Having finally be diagnosed with RA about 5 years ago I fine the fatique the worst. Today I came home and slept for 4 hours. I really had no choice. The swelling in my hands forced me into retirement and friends just can’t understand it. I look normal but I’m not.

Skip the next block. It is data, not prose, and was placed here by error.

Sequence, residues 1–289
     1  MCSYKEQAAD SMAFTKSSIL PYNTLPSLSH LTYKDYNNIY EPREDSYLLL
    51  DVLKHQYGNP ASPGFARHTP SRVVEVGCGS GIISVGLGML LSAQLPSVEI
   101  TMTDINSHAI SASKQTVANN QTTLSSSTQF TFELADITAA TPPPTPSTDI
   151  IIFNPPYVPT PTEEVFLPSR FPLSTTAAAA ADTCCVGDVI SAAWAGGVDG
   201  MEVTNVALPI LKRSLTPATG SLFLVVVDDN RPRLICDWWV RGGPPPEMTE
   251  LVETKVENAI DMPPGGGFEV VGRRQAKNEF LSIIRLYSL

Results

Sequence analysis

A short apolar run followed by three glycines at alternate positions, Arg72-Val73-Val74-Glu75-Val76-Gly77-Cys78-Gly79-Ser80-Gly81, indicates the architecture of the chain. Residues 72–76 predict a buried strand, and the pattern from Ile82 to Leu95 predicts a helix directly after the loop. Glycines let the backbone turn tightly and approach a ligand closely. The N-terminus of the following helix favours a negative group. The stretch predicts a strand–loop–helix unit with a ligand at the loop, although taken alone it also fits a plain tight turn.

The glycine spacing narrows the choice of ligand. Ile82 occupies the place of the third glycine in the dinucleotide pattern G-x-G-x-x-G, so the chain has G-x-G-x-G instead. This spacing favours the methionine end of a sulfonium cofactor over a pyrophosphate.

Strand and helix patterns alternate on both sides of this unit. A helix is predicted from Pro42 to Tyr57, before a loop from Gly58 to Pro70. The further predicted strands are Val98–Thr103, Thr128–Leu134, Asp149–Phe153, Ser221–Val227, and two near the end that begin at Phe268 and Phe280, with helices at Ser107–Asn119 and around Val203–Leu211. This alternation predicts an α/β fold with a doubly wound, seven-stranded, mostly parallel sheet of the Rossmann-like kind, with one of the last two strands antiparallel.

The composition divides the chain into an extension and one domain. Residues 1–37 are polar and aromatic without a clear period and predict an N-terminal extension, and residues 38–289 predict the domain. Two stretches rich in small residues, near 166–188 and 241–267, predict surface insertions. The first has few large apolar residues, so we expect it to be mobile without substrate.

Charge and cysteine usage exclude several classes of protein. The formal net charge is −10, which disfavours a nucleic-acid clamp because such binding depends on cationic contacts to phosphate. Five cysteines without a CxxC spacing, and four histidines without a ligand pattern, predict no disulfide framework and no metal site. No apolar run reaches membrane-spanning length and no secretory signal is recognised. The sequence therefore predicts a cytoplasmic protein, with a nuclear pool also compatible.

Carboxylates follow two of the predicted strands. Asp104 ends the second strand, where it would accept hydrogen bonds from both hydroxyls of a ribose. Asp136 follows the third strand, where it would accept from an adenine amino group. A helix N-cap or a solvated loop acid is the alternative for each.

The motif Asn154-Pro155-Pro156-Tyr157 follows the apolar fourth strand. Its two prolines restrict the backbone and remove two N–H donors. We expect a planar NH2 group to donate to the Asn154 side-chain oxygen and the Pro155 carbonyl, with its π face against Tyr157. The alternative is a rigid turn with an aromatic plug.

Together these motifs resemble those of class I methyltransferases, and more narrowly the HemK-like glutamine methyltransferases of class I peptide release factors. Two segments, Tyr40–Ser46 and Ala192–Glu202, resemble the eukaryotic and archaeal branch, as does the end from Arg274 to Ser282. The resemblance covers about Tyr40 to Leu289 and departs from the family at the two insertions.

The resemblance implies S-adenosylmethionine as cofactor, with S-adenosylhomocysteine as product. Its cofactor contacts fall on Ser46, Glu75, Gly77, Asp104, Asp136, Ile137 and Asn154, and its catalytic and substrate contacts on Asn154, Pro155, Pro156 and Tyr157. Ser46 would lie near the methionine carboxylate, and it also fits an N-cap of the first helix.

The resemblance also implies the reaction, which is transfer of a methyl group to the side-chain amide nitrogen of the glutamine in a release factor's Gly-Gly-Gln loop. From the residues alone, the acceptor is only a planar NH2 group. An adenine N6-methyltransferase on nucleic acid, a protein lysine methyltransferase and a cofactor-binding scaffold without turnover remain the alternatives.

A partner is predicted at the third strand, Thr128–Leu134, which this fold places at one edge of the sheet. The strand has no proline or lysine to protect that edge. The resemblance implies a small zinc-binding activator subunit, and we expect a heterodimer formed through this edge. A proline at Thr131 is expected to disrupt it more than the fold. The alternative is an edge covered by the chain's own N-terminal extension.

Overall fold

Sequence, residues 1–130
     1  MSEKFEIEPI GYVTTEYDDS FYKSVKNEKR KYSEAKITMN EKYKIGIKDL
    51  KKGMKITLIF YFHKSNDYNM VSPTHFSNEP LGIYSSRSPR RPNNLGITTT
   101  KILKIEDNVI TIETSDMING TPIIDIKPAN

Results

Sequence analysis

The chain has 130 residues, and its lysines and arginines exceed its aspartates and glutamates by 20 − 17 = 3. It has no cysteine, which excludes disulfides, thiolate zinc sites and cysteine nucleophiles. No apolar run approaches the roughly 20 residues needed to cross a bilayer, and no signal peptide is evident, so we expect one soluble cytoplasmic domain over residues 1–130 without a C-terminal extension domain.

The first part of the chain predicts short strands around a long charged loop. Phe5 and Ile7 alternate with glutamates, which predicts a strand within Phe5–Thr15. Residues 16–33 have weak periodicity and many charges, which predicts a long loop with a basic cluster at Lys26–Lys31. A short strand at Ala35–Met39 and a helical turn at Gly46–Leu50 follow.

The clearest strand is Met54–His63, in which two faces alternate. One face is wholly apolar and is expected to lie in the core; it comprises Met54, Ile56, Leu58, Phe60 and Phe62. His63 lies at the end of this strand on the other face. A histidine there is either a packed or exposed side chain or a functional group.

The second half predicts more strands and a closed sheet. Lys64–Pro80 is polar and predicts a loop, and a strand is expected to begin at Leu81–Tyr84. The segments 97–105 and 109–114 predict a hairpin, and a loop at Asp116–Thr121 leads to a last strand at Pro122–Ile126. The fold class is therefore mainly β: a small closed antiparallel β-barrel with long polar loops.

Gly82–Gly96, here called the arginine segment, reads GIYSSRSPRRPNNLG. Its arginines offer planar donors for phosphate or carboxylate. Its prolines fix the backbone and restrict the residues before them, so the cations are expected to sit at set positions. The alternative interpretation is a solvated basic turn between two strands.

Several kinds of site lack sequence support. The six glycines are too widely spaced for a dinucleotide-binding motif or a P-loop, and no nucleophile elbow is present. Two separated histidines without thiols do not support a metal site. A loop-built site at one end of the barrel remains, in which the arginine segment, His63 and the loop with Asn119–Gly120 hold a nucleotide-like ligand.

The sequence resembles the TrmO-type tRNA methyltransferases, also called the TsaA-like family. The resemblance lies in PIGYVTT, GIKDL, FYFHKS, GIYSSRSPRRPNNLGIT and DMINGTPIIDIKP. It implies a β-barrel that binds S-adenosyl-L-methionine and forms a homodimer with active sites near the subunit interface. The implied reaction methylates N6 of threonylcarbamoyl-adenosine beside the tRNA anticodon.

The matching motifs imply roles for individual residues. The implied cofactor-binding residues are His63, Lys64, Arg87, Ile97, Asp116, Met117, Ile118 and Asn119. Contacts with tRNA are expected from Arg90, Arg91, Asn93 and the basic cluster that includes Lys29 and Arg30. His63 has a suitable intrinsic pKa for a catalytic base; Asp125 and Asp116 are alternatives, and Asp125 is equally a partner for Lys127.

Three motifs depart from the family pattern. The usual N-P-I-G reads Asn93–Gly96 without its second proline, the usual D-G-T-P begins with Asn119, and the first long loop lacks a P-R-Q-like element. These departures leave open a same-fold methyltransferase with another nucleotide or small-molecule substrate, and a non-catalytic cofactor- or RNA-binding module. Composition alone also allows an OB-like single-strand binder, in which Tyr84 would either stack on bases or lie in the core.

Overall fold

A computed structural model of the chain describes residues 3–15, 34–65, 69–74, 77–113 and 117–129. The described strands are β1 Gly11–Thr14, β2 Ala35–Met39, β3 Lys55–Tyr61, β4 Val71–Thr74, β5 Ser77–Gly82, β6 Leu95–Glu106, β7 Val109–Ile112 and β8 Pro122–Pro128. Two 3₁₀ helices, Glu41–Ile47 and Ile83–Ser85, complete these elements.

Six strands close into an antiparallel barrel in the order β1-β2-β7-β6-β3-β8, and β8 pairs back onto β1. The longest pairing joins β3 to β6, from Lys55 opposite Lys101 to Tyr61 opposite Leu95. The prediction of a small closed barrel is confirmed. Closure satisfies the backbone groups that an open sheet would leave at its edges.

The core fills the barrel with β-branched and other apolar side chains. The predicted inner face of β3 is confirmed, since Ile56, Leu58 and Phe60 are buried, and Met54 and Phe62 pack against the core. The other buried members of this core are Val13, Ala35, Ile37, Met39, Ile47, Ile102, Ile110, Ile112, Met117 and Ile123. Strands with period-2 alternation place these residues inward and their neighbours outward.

Men are regarded differently in all areas of life and RA is just one of them. I have been a single woman for almost 20 years. I essentially was the man, even when I was married. It was common for me to work two jobs in order to meet obligations, even when I was married. I married a man who wanted to be a “stay at home dad” no matter how much it required me to work. Whatever. I’ve always been a work horse, and never gotten the kudos for being the “man”. In nursing, male nurses are treated differently; not only by physicians and patients, but also other nurses. I have always heard that when men get RA it’s much worse. I wondered about this. It has nothing to do with how the RA affects the man. I believe it has to do with support and expectations. Men are supposed to be strong, and when they are reduced by the RA, it is perceived by others as “such a blow” because men are accustomed to “being the man”. Maybe it’s because jobs for men are often more physically demanding and women’s work is considered to be more sedentary; such as a secretary. Even while doing the same job, men in nursing are always mistaken for doctors, and patients will often refer to male nurses as the “doctor”. I am a nurse, and it is very physically demanding. I am female and now my disease is really making my job more difficult and at times, impossible. My rheumatologist (who is really a great doctor) asked me on my last visit “What about your boyfriend? Can he help you so that you can reduce your hours?” It is always assumed that someone will come to our (women’s) rescue, even when the world doesn’t roll like that any more. For the first time in my life I think I have penis envy. Men and women will always be treated differently in all areas of life. To assume that RA is worse for a man is just another kick in the teeth. RA is horrible for all. People are just more understanding of a man; even if the man is fortunate enough to have an understanding and nurturing female in their life to help them cope. Women are seen as the weaker sex. I feel a double whammy with the RA. Not only are women viewed as the weaker and less respected sex, they are viewed negatively by physicians, as a whole. Take a look at this blog http://predatort.blogspot.com/2007/07/i-hate-nurses.html written by a resident about nurses. The comments made in this blog, though they are mostly derogatory comments about nurses and the unhealthy environment in the medical community, really frighten me. There were over 200 posts supporting the author on why doctors hate nurses, so this is not an isolated case. I have worked in nursing for over 20 years, and I have witnessed it. We, men and women, but mostly women, (maybe because a guy is more likely to punch their lights out) are at the mercy of these people making these horrible comments. It’s scary that these people have the ability to affect the lives of patients. These people are writing in your permanent medical record, and future health care providers are swayed by their words. These people affect how we live and unfortunately how we die. I don’t think these crazy folk have the right to judge the way my disease affects my life or my coping skills.